sábado, 7 de noviembre de 2009

New York Days, New York Nights by Stephen Brook

I have just done another tour of New York. It’s a city whose streets I have walked, whose life I have encountered, whose people I have known. But I have never been there. New York, Like Paris and London, is a city where writers switch on their professional noticing and recording. A good proportion of novelists seem to want to live there. It’s a city where journalists apparently never have to travel far for a story and where social commentators uncover endless lines of interest. And in the early 1980s Stephen Brook, an English visitor, took his turn at plodding the streets, buttonholing the affluent and dabbling with low life in order to generate his book, New York Days, New York Nights.

It was a task he took seriously. His mission covered the city’s politics, food, shopping, sexuality, power, social structure, ethnic relations, commerce, crime and apparently every other aspect of its existence, but with only scant regard for its history. We learn how on Manhattan air space can be traded, how the city’s craving for constant change means that there is little sense of permanence. We visit late night bars and clubs, experience the gay-scene low-life at first hand, then at second hand and eventually at the level of the mutual anonymous grope. We visit jails, courts, police beats and other arresting areas. We talk to mayors, ex-mayors and would-be mayors. We feel debt and wealth in unequal measure. Stephen Brook appears not to want to leave any concrete block unturned.

But though Stephen Brook’s journey through New York’s unique experience is nothing less than encyclopedic, his experience seems to remain that of the outsider, the committed but still detached tourist. As each of the book’s many chapters runs to its close and another opens, we can almost hear the writer begin with, “And here’s another thing…” Well before the end we feel that the author is on a mission to collect in order to exhibit. In the end, we feel we have been on a city tour bus and listened to the commentary, but that we still have to walk the streets to begin the real experience.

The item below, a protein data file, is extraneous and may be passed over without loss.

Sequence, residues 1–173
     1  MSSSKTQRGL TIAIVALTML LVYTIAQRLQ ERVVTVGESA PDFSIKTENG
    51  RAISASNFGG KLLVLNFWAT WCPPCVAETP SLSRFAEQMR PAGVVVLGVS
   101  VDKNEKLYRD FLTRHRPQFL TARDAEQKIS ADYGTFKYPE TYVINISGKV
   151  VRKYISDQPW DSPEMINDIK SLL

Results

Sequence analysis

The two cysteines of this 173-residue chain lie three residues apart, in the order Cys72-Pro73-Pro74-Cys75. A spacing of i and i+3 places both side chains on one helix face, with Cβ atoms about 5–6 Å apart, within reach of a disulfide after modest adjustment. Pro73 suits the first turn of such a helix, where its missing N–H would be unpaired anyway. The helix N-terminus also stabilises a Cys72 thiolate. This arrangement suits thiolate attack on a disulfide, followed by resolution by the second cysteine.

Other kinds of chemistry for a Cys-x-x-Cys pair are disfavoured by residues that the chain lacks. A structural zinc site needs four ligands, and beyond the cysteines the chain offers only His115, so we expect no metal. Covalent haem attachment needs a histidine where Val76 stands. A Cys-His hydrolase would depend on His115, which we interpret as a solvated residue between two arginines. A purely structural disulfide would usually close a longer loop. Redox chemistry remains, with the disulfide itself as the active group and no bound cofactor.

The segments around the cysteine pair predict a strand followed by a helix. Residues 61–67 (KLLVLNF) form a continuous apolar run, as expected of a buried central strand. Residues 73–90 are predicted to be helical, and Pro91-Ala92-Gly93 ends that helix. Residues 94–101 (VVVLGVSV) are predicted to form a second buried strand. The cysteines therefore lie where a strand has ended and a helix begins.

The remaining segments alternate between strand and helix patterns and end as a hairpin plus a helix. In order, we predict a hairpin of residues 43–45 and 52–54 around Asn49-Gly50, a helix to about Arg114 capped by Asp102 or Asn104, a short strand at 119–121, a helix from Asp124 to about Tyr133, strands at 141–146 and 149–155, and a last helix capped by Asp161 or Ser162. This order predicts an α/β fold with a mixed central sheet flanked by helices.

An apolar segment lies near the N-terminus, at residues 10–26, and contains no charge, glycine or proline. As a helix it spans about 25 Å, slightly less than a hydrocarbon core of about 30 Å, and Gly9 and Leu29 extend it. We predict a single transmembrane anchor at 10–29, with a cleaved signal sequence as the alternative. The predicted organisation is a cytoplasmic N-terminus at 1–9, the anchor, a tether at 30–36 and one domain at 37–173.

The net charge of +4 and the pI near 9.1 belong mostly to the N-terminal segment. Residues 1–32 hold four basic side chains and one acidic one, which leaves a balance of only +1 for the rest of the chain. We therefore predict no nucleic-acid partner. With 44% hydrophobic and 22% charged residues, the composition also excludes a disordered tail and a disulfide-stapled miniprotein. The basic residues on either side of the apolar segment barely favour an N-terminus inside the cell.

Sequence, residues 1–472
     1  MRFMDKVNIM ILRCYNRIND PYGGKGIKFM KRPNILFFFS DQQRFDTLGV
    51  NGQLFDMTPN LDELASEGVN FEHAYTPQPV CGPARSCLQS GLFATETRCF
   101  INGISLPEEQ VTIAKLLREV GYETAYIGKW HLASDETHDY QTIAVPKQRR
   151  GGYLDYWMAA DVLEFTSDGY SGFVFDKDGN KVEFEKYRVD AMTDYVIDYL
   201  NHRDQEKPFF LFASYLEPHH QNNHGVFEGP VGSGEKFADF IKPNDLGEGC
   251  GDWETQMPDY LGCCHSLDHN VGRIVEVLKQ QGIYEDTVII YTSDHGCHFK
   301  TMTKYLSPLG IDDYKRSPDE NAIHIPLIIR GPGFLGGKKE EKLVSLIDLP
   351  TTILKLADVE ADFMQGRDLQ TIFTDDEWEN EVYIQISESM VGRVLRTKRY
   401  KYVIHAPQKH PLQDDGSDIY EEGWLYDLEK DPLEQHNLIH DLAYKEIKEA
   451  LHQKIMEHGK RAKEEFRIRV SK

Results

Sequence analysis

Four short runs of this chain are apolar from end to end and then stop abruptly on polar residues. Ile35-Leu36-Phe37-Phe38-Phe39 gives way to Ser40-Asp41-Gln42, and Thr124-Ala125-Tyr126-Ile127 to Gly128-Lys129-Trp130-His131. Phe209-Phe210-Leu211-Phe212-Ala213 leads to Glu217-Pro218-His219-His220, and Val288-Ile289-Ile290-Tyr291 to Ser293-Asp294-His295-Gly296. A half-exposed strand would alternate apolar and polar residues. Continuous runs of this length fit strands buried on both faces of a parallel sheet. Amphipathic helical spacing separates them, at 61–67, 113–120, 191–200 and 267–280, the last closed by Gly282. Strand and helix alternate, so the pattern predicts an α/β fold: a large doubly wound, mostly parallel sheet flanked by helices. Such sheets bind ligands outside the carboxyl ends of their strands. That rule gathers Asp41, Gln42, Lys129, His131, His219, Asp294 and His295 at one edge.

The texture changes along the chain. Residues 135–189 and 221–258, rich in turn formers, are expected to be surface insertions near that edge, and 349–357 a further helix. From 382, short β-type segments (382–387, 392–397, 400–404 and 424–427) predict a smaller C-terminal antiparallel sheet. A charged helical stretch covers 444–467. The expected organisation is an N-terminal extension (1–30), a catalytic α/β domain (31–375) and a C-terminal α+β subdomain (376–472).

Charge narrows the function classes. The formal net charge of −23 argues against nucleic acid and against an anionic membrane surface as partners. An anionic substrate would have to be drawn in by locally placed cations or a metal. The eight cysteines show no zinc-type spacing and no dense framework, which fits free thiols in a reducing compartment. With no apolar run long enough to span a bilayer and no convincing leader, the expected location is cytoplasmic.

But like all impressionistic descriptions of contemporary life, it becomes both less relevant and more interesting as it ages. It becomes irrelevant because its original concept is superseded, rendered mere whimsy by the passing of time. Its intention is to be contemporary, after all, and that quality is soon lost. But twenty-five years on, having been reminded that the city remains eager for constant change, it becomes fascinating to reflect on what has or might have changed. In 2009, we have a financial crisis, rich man’s crime, an economy laden with unemployment and debt, recession and portent of doom and gloom. We also have celebrity, overt riches and conspicuous consumption alongside poverty, near-destitution, drug addiction and poor man’s crime. So what’s new?

One major change is that during Stephen Brook’s journey, the existence of AIDS deserves mention, but little more. During visits to bath houses, the author experiences at first hand the workings, insertions, thrusts and suspended machinations of gay promiscuity – sorry, there is no other word – and the scenes he describes seem better fitted to a fantasy porn movie than any reality. A dimension we don’t feel in all of this is the contrast with attitudes that one would expect to be prevalent in middle America. Surely it is that contrast that illustrates the difference between New York and the rest of the country?

But New York Days, New York nights remains a rich and rewarding trip. (The city’s drug scene, but the way, is such an aspect of daily life that it deserves frequent but only passing comment.) Though the reader may occasionally tire of Stephen Brook’s lengthy trek through the city, it is an account that has endured and that still interests, perhaps because the place itself and its people remain interesting.

View this book on amazon
New York Days, New York Nights (Picador Books)

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